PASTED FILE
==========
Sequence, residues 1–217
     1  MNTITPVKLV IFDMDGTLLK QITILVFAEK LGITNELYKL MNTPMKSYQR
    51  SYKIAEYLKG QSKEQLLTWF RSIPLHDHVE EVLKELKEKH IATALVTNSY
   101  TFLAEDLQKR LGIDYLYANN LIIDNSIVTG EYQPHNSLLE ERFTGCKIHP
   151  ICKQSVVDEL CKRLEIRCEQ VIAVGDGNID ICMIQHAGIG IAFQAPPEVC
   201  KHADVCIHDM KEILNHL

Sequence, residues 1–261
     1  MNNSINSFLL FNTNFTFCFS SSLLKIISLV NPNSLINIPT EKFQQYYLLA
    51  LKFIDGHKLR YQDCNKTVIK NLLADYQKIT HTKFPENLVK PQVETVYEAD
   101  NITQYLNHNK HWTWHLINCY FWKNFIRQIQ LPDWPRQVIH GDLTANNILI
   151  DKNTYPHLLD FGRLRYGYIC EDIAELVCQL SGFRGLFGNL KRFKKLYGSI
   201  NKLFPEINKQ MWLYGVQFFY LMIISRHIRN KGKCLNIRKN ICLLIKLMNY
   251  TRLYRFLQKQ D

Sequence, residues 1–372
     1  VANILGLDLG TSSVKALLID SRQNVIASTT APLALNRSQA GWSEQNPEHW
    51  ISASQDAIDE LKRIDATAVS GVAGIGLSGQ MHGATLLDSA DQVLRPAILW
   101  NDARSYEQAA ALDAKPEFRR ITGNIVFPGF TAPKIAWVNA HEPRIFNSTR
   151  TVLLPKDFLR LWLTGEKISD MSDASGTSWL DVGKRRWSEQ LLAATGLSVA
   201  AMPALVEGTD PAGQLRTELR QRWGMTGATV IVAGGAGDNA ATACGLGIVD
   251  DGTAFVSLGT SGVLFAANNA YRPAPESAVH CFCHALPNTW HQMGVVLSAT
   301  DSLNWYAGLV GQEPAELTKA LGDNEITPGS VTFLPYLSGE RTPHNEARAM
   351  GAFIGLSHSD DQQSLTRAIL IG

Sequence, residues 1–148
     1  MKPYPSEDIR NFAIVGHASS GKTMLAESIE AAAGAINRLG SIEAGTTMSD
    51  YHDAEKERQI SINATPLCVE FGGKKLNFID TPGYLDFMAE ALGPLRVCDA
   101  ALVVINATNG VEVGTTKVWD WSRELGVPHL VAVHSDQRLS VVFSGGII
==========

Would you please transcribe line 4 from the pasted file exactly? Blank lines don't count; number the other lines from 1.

   101  TFLAEDLQKR LGIDYLYANN LIIDNSIVTG EYQPHNSLLE ERFTGCKIHP